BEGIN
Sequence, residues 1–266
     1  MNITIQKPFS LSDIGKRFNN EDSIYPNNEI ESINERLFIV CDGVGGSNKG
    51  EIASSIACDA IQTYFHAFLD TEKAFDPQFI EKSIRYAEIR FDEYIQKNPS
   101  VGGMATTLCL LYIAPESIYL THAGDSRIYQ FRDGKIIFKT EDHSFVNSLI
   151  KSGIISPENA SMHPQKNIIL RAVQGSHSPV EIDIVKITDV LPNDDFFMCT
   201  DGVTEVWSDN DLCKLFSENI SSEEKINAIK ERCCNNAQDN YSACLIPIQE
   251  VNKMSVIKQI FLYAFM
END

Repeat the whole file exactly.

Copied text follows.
Sequence, residues 1–266
     1  MNITIQKPFS LSDIGKRFNN EDSIYPNNEI ESINERLFIV CDGVGGSNKG
    51  EIASSIACDA IQTYFHAFLD TEKAFDPQFI EKSIRYAEIR FDEYIQKNPS
   101  VGGMATTLCL LYIAPESIYL THAGDSRIYQ FRDGKIIFKT EDHSFVNSLI
   151  KSGIISPENA SMHPQKNIIL RAVQGSHSPV EIDIVKITDV LPNDDFFMCT
   201  DGVTEVWSDN DLCKLFSENI SSEEKINAIK ERCCNNAQDN YSACLIPIQE
   251  VNKMSVIKQI FLYAFM